Non-hormonal methods of contraception

Fertility can be controlled without hormones.

These methods include:

  • Physical barrier methods such as condoms and diaphragms, which prevent the sperm reaching an egg
  • Intrauterine devices (IUD) also known as a coil, prevent the implantation of an embryo or release of a hormone
  • Spermicidal agents which kill or disable sperm
  • Abstaining from intercourse when an egg may be in the oviduct
  • Surgical methods of male and female sterilisation. An example is a vasectomy, where the sperm ducts are cut and tied.

Benefits and risks

  • Condoms are easy and quick to use, but sometimes they can tear or rip.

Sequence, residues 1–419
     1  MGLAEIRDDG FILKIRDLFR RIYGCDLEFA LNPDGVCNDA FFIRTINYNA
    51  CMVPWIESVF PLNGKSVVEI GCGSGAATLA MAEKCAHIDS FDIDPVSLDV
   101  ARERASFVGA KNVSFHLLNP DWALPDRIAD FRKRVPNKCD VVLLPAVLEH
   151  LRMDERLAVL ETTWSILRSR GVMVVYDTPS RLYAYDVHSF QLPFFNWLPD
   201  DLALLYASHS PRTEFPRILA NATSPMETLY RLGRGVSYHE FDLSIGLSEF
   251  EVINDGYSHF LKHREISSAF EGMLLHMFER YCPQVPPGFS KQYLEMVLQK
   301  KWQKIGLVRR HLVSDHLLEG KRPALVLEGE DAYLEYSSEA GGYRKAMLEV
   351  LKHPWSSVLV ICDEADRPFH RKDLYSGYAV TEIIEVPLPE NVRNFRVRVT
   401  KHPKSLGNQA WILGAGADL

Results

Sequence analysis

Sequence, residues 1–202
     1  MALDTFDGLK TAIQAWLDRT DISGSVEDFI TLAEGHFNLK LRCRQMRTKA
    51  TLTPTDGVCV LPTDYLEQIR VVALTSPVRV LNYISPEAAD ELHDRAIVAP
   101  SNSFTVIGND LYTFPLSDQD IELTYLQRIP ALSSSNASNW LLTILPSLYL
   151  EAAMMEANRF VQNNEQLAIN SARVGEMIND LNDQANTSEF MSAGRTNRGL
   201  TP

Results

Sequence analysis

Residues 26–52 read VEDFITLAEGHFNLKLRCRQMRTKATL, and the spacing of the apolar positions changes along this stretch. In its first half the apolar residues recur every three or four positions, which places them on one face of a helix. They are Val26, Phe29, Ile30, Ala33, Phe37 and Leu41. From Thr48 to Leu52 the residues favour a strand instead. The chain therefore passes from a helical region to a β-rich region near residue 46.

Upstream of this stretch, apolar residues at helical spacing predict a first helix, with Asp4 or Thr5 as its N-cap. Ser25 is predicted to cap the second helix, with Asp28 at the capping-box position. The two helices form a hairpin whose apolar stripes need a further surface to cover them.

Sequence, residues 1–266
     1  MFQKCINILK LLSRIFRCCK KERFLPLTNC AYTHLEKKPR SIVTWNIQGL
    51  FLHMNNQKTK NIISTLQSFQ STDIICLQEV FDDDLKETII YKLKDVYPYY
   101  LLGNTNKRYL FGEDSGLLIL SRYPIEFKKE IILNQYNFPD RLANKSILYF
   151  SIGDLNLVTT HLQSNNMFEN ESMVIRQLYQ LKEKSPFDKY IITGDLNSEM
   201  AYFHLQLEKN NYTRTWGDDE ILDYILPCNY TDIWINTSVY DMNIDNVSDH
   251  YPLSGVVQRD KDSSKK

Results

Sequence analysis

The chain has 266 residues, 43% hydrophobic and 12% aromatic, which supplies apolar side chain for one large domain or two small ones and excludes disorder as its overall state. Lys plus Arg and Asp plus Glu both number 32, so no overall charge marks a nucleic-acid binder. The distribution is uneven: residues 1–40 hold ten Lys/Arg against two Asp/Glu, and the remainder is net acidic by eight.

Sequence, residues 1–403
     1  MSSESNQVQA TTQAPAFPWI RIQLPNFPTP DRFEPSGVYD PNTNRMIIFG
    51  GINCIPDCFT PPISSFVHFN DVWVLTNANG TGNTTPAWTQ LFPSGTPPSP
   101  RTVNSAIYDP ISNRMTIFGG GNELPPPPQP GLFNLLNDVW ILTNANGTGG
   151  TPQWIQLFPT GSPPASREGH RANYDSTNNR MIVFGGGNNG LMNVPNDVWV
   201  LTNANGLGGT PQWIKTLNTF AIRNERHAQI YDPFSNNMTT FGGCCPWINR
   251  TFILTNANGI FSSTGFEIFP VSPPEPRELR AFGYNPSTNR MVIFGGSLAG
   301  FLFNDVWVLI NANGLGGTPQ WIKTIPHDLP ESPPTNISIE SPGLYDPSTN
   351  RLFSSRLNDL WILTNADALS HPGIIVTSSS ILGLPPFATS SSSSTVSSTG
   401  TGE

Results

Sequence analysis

• Diaphragms need to be put in just before sex and left in several hours afterwards.
  • IUDs need to be fitted by a health professional. IUD can remain in position for up to 10 years. However, there is a small risk of causing an ectopic pregnancy.
  • Spermicidal agents can be added to other physical barriers such as condoms, but some people can have allergic reactions to these.
  • Abstaining can be used successfully, but if the timings are not accurate the chance of pregnancy is high.
  • Surgical methods cannot be reversed, and is considered permanent.
A visual to show the different types of non-hormonal methods of contraception